It's only the second week of school, and I'm already starting to do the "juggling act!" There is so much introductory content to cover in such a short period of time. I'm sure I'm preaching to the choir! While I'm spending the majority of our class time on the writing process (as promised!) we're also working on complete sentence mini-lessons.
The major concept that I'm trying to stress right now is that complete sentences can be long or short, but they must have a subject and predicate! This is the anchor chart I've used for the past couple years:
Fortunately, my students came to me with awesome prior knowledge of nouns and verbs. After defining subject and predicate/how they relate to nouns and verbs, I wrote the following sentence:
I asked, "Is this a complete sentence?" All four class periods reacted the same exact way; which almost never happens! I heard "No!" coming from all sides of the room, but after some wait time and a slight grin from me, "No!" quickly turned to "Yes!" As I underlined "dog" with red and boxed "bark" with green, it started to sink in. This sentence was great proof that a short sentence does not have to mean an incomplete sentence. If it has a subject and predicate, it's complete!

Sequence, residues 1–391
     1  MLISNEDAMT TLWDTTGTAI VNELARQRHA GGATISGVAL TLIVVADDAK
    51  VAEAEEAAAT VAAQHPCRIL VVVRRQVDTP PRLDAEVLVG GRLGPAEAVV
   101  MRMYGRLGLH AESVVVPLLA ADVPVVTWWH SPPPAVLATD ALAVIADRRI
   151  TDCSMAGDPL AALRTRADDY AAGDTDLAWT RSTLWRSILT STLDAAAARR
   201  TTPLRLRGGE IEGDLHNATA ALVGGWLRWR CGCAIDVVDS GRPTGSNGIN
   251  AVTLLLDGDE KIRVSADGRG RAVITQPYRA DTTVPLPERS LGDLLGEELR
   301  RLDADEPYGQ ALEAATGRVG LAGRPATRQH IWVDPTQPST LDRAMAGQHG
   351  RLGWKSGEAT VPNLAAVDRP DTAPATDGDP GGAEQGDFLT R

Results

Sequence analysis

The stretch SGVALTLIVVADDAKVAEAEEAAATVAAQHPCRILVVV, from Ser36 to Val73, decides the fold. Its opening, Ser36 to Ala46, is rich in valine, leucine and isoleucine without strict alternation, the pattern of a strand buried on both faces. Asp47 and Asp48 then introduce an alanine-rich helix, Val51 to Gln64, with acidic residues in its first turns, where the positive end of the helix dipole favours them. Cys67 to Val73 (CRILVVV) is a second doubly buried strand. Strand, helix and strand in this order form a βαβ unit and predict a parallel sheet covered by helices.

Kids commonly struggle with finding the subject and predicate of a sentence, so I made a FREEBIE printable for all you hardworking writing teachers out there! Keep fighting the good fight. They will get it, and it will help them for years to come!